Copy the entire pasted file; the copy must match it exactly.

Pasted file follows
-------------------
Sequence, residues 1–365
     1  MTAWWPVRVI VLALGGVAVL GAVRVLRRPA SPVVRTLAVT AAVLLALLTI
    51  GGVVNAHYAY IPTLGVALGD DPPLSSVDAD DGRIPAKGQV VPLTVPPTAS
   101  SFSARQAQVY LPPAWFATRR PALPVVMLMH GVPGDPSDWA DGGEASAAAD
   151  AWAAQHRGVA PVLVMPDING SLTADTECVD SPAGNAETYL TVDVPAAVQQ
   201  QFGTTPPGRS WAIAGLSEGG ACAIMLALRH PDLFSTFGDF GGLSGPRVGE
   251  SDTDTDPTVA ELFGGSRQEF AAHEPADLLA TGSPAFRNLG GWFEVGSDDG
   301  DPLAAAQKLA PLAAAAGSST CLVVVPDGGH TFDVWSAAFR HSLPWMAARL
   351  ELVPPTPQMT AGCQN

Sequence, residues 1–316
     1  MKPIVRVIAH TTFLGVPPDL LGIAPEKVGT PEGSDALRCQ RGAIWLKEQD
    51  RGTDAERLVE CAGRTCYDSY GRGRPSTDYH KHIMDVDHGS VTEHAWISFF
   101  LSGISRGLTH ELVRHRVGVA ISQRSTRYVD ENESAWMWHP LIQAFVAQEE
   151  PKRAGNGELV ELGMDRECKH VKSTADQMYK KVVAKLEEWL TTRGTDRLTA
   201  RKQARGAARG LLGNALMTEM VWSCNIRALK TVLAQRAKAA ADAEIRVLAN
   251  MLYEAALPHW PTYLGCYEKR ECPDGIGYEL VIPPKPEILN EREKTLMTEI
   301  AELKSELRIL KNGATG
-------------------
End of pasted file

Sequence, residues 1–365
     1  MTAWWPVRVI VLALGGVAVL GAVRVLRRPA SPVVRTLAVT AAVLLALLTI
    51  GGVVNAHYAY IPTLGVALGD DPPLSSVDAD DGRIPAKGQV VPLTVPPTAS
   101  SFSARQAQVY LPPAWFATRR PALPVVMLMH GVPGDPSDWA DGGEASAAAD
   151  AWAAQHRGVA PVLVMPDING SLTADTECVD SPAGNAETYL TVDVPAAVQQ
   201  QFGTTPPGRS WAIAGLSEGG ACAIMLALRH PDLFSTFGDF GGLSGPRVGE
   251  SDTDTDPTVA ELFGGSRQEF AAHEPADLLA TGSPAFRNLG GWFEVGSDDG
   301  DPLAAAQKLA PLAAAAGSST CLVVVPDGGH TFDVWSAAFR HSLPWMAARL
   351  ELVPPTPQMT AGCQN

Sequence, residues 1–316
     1  MKPIVRVIAH TTFLGVPPDL LGIAPEKVGT PEGSDALRCQ RGAIWLKEQD
    51  RGTDAERLVE CAGRTCYDSY GRGRPSTDYH KHIMDVDHGS VTEHAWISFF
   101  LSGISRGLTH ELVRHRVGVA ISQRSTRYVD ENESAWMWHP LIQAFVAQEE
   151  PKRAGNGELV ELGMDRECKH VKSTADQMYK KVVAKLEEWL TTRGTDRLTA
   201  RKQARGAARG LLGNALMTEM VWSCNIRALK TVLAQRAKAA ADAEIRVLAN
   251  MLYEAALPHW PTYLGCYEKR ECPDGIGYEL VIPPKPEILN EREKTLMTEI
   301  AELKSELRIL KNGATG